"Airplane, there," shouted first naval lieutenant Konrad Junker, according to an account that Degen gave Navy interrogators.

As the U-boat dived, Kane swooped down and dropped depth charges that heavily damaged the stern, killing some of the crew.

"You saw it too late," Degen told Junker.

"Yes," Junker replied.

Of the 43 crew members, 33 escaped the sinking. A Navy report in 1942, based on interviews with survivors, described a harrowing ordeal in which the men struggled to stay afloat over two days.

Degen said the survivors faced exhaustion, hunger and thirst in the sea. At one point, a lemon and coconut floated by. "Each man received a swallow of coconut milk, a piece of the meat and everyone had the opportunity to suck the lemon," Degen told Navy interrogators.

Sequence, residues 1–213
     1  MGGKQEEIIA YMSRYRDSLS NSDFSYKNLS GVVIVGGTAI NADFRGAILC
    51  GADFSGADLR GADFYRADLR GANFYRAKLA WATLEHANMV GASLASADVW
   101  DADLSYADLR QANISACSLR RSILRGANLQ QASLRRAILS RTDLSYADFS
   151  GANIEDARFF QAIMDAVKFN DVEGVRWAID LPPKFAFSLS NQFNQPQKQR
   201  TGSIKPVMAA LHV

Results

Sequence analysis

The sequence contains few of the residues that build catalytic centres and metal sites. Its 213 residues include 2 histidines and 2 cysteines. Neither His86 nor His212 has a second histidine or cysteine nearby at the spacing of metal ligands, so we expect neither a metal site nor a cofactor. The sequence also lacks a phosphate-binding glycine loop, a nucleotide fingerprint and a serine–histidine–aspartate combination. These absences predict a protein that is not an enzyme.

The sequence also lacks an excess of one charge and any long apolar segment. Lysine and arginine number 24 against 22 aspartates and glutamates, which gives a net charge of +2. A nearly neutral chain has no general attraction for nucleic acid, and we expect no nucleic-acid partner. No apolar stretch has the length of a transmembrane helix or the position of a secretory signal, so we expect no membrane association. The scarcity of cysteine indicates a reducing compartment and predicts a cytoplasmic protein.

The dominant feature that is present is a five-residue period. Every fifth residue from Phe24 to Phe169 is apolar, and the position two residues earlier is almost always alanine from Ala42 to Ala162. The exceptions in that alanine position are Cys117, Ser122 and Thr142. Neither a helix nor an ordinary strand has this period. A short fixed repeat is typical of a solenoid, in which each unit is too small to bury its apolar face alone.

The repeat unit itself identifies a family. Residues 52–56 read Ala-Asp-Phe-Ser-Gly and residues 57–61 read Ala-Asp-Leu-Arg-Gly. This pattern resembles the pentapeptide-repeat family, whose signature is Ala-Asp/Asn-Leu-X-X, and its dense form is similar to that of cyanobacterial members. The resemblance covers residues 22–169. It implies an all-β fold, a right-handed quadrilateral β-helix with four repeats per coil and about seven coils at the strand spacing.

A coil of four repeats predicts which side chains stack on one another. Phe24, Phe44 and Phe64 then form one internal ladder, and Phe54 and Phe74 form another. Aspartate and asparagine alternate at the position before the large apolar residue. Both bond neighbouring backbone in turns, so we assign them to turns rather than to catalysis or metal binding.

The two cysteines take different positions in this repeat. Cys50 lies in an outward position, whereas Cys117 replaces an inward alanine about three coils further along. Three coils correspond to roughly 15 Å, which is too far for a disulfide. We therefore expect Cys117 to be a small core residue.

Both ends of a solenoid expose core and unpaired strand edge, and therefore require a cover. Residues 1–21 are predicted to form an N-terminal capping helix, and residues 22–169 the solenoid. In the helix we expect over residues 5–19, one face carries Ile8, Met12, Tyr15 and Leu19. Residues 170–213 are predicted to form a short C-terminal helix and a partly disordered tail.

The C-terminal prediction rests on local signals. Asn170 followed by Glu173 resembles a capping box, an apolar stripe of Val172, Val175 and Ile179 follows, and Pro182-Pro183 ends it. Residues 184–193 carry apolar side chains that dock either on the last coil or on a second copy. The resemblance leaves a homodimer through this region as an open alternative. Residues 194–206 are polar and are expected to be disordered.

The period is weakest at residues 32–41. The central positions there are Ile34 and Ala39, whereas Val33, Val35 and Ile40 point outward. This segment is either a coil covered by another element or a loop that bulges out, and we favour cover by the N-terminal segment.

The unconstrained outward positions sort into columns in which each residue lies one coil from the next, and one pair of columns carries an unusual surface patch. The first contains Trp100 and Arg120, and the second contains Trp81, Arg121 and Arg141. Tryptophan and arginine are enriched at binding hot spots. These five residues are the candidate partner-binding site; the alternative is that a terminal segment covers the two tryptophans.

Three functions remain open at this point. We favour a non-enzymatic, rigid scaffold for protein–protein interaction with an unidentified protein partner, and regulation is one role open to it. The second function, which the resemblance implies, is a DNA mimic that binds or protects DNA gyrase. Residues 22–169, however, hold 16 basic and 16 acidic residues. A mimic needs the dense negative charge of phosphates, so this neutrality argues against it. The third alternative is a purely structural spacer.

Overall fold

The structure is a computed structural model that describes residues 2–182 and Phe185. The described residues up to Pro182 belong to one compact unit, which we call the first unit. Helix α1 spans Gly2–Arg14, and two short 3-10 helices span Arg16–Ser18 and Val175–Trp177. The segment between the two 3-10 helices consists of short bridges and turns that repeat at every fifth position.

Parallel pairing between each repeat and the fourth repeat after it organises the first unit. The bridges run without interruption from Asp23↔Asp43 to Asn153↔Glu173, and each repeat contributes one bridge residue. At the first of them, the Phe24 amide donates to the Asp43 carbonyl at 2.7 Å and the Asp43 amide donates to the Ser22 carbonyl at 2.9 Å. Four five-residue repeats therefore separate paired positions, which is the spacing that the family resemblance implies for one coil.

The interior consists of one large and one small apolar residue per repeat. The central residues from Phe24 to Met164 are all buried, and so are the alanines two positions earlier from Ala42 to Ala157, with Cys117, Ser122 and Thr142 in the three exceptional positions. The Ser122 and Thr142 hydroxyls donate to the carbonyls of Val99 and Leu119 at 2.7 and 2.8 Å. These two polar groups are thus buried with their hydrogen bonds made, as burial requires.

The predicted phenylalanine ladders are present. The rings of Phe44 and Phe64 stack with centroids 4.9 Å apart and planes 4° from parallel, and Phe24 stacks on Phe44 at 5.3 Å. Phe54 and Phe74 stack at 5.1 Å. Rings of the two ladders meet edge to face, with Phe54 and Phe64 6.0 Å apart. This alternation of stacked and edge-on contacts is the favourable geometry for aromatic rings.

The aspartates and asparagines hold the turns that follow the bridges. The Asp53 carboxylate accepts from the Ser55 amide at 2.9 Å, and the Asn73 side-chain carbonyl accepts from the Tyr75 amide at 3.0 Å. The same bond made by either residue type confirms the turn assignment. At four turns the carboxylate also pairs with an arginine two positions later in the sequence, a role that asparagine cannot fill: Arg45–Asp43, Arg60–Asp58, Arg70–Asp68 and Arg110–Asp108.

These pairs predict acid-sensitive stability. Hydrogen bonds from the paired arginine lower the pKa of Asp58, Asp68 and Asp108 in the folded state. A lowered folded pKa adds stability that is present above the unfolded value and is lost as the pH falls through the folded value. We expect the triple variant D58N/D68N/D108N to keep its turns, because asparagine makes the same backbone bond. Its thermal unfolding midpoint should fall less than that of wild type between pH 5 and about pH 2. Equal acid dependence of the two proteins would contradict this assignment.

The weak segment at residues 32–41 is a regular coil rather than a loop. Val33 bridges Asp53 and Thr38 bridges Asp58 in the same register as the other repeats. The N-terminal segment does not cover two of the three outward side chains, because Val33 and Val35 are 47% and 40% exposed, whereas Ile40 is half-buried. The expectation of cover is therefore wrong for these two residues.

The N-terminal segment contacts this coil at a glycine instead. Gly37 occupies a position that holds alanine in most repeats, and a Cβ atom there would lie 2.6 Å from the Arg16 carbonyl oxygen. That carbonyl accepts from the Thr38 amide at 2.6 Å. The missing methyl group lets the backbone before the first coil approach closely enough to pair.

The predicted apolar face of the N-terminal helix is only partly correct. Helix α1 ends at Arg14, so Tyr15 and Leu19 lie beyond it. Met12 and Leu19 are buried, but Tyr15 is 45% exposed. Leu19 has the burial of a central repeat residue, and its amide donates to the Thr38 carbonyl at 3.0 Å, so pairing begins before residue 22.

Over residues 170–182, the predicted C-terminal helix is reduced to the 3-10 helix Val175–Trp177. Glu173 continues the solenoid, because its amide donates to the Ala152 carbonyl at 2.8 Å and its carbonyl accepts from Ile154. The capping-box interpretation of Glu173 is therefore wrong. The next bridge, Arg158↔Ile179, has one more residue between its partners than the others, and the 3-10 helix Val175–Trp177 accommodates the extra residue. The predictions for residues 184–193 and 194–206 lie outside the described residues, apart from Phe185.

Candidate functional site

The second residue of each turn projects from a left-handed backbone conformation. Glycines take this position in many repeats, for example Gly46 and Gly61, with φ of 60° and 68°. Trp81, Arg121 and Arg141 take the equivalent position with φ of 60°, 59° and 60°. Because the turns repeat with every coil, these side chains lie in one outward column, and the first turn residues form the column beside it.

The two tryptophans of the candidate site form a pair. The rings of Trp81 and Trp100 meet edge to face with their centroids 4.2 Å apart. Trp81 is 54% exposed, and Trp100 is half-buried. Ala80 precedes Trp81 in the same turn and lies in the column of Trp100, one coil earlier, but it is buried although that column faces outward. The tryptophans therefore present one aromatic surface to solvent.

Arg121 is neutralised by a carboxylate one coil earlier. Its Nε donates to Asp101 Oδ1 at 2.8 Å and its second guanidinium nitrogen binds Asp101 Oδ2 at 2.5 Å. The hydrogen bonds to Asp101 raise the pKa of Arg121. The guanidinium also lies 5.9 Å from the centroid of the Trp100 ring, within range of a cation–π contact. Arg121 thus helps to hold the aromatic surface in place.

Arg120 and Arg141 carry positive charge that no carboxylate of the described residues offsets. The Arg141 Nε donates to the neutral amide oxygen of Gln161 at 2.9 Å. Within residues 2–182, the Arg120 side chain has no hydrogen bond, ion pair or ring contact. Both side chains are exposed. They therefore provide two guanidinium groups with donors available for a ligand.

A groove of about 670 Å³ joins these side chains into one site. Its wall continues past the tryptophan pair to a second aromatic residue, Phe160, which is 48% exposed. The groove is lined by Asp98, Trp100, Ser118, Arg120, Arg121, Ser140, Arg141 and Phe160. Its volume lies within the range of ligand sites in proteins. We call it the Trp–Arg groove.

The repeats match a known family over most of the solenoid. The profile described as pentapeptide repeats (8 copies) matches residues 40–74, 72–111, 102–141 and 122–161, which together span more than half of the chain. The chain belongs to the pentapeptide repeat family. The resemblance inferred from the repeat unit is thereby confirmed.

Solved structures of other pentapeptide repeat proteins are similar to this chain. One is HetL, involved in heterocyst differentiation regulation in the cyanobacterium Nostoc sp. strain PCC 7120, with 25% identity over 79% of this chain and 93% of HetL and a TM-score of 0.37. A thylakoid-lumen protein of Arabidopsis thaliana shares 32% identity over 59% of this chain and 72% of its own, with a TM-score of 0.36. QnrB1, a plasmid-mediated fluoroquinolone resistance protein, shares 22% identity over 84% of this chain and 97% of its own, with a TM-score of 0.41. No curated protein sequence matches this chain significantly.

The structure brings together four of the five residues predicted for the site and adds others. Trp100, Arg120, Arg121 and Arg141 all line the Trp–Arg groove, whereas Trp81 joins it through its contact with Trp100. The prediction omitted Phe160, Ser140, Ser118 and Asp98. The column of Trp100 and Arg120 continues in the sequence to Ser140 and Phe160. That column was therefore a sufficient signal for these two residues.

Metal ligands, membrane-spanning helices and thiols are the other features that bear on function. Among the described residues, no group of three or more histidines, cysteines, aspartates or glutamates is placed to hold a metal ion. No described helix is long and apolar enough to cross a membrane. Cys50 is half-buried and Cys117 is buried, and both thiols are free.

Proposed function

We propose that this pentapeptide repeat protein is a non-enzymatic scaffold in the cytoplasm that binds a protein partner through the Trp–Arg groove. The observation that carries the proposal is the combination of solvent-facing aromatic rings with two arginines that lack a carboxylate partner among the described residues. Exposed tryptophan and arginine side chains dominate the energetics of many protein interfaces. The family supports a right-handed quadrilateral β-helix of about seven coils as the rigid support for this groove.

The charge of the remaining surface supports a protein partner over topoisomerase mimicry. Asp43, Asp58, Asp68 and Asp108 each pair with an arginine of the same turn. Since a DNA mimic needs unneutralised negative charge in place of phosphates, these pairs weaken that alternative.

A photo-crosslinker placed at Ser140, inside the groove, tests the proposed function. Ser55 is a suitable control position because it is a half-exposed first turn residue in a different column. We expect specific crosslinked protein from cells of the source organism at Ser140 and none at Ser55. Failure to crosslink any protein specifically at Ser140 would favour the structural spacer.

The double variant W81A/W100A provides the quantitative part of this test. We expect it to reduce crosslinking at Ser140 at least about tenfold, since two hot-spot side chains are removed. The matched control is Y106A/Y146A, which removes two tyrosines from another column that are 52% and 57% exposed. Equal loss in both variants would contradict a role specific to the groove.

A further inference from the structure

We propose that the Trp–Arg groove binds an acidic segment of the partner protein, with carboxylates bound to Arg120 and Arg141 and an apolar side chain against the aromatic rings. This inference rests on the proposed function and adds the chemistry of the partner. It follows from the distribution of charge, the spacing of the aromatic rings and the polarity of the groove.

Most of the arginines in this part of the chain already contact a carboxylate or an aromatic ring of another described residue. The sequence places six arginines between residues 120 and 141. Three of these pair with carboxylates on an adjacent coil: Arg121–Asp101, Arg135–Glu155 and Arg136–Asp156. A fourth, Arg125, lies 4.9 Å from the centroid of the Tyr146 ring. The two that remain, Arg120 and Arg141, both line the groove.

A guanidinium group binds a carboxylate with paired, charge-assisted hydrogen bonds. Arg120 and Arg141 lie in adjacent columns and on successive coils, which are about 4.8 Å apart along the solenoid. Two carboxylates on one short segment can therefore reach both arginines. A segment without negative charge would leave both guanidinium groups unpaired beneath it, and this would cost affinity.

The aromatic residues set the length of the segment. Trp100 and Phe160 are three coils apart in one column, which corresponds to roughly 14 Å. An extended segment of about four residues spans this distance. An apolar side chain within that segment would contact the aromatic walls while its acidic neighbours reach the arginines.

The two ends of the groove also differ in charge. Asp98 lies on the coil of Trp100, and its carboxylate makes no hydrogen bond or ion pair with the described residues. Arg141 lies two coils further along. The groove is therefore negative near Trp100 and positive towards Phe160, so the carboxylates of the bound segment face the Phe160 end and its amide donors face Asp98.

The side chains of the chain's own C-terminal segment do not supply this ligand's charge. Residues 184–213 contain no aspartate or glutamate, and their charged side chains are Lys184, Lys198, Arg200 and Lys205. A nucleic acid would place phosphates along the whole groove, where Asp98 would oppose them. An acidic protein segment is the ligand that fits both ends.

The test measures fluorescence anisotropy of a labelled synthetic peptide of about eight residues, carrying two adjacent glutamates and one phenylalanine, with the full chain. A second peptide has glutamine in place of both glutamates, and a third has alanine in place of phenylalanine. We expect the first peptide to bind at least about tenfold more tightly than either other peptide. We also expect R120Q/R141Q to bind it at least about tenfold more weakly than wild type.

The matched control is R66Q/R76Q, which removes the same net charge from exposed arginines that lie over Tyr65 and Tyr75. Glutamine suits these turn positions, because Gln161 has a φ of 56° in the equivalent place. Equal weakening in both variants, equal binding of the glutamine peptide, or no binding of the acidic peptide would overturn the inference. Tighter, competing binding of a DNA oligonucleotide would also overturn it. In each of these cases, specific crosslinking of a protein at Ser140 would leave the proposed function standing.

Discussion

Before dawn, two more men drowned. "The stronger saw their comrades drown one by one," the report said. "Some went mad before dying."

The captain and six others were rescued after a Navy blimp found the men and dropped a life raft with food. The men, flayed by the harsh sun, were picked up by a seaplane and kept as prisoners of war.

"Thus we escaped the 'reaper' to whom we had already given our hand," the captain said in the report.

The rest of the crew was dead.

Finding U-701
In the years after the war, Degen, who became an engineer in civilian life, corresponded with divers and U-boat enthusiasts. But the location of the U-701 remained a mystery for nearly five decades.

Uwe Lovas, an amateur diver and wreck buff from Fredericksburg, Va., hunted for the U-701 for years. He found it in 1989. He recalled that his brother, Ron, went down first and wasn't sure what the tubelike object was.